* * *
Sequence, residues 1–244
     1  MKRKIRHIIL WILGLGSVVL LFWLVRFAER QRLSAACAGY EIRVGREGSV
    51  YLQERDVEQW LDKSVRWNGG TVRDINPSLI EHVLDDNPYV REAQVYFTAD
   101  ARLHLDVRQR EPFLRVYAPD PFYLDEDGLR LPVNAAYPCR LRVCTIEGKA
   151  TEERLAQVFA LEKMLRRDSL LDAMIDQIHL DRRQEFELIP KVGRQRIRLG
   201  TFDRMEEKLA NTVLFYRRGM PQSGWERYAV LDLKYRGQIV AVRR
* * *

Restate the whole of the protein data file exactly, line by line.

Sequence, residues 1–244
     1  MKRKIRHIIL WILGLGSVVL LFWLVRFAER QRLSAACAGY EIRVGREGSV
    51  YLQERDVEQW LDKSVRWNGG TVRDINPSLI EHVLDDNPYV REAQVYFTAD
   101  ARLHLDVRQR EPFLRVYAPD PFYLDEDGLR LPVNAAYPCR LRVCTIEGKA
   151  TEERLAQVFA LEKMLRRDSL LDAMIDQIHL DRRQEFELIP KVGRQRIRLG
   201  TFDRMEEKLA NTVLFYRRGM PQSGWERYAV LDLKYRGQIV AVRR